• Being a man and having masculinity can be strong and courageous, but also be sensitive. Recognizing this has helped him to be a better person and attorney.
  • When you make these changes, over time when you look back, you see a huge change in who you are. For the better.
  • Often, this can all stem from trying to fit the mold someone else has defined for us. Until we set our own mold, we may stay disconnected with who we really should be.
  • Fernando recently spent six weeks in India, and a way to live for the better became clear from how he saw people living there. The four ideas he saw in practice were:
    1. Suspend the ego,
    2. Live from your spirit,
    3. Quiet the mind, and 
    4. Nourish the body
  • He mentioned the book Emotional Intelligence 2.0, which is all about what EQ is, self-awareness, inner-peace and what emotional patterns you are having inside.
  • Fernando shared a key question (or set of questions) that he uses with people to try to figure out what’s really gong on – Why do I feel what I feel when I feel it?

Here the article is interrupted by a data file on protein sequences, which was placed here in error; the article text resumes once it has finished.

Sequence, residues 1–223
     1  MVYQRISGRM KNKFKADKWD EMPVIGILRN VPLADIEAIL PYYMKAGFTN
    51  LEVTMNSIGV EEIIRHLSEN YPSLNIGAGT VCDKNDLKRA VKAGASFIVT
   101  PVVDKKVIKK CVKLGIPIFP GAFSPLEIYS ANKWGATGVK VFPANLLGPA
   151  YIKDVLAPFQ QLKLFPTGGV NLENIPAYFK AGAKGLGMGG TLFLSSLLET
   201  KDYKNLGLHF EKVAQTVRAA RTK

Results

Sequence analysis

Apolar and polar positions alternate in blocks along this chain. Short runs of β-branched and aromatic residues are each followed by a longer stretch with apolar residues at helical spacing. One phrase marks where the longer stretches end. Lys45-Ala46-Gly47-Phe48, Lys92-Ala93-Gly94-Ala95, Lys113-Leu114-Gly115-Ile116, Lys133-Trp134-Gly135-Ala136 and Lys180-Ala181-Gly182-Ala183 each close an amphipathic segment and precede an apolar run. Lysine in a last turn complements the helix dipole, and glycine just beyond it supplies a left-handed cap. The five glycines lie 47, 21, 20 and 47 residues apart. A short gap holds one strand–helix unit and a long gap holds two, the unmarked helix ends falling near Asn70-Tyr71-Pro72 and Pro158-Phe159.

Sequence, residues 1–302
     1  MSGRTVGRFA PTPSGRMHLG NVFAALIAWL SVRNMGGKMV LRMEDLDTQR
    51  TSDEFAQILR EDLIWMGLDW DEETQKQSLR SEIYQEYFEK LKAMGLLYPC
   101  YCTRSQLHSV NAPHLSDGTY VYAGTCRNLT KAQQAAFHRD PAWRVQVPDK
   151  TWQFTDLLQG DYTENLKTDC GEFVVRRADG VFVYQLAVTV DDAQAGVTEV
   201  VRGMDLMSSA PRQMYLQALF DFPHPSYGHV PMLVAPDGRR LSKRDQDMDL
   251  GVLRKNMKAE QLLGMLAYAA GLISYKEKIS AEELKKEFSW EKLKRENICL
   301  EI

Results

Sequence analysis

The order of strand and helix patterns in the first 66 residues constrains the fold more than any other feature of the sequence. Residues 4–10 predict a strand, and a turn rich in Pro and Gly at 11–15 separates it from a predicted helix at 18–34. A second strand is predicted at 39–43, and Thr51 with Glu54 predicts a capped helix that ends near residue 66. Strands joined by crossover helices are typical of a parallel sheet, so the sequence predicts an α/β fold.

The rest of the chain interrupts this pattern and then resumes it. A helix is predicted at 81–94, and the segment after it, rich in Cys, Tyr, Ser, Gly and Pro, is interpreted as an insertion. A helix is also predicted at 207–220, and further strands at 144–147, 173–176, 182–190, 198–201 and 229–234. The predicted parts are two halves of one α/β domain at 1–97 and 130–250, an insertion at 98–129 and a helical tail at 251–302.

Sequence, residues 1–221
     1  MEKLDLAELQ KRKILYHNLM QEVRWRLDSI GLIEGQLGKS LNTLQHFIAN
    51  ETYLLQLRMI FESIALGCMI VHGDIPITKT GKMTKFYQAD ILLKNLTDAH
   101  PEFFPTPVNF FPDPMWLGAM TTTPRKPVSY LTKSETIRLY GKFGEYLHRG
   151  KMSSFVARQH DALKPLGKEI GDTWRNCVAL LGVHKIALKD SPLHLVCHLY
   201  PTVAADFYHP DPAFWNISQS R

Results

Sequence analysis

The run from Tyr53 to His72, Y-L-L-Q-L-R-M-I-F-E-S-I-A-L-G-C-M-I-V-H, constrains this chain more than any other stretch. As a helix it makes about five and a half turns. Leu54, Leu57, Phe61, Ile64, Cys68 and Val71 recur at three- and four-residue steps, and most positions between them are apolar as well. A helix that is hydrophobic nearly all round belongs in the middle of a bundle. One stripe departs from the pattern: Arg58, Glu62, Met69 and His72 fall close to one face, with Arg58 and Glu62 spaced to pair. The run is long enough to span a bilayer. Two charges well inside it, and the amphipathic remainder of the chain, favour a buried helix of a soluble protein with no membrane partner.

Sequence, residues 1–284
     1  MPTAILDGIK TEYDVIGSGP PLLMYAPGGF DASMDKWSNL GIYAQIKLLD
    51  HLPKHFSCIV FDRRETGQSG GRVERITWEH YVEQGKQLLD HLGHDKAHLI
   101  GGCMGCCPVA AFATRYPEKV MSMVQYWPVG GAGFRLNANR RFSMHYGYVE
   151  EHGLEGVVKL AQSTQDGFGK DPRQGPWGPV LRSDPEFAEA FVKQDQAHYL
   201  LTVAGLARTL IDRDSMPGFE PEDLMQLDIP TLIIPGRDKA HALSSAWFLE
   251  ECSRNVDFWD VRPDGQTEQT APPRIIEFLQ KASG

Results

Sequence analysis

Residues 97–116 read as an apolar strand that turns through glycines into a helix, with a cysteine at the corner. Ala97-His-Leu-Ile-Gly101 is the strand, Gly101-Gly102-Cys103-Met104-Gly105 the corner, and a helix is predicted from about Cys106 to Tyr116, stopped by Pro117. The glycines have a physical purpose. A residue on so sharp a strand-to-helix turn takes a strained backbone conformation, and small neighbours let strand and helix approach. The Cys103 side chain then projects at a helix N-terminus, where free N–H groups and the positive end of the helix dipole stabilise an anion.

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060. The Power of Worthiness from Within with Dr. James Kelley

By on August 6, 2019

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Who is James Kelley? Well, his path is still being built brick by brick and the current brick is a book Crucible’s Gift: 5 Lessons from Authentic Leaders Who Thrive in Adversity. But what about all the previous bricks?

He was the youngest of 3 1/2  kids (long story – we get into it) in a traditional Irish Catholic family, which means loud, sarcastic, passive aggressive and a touch of physical discipline, minus the obligation of Mass. His parents did the best they could with what they knew. In the middle of his time at university when he took a break from school, one afternoon his life took a turn. After walking into his job selling used cars, two colleagues were lining up a white substance and rolling a dollar bill and asked him if he wanted to try. That sparked something in him, and four months later he was back at university full-time.

After completing his undergraduate degree, his life was a series of twists and turns, ups and downs and a few zigs and zags. The death of his father, an MBA, a year teaching English in Japan, a DUI, and three jobs later, he was a rudderless vessel at sea. However, one night on Portland State University’s campus, while attending an event for potential Peace Corps recruits, his life took an unsuspected turn. In one brief conversation with four Ph.D. students, James realized that I wasn’t the dumbest person in the room, and thought a Ph.D. was possible.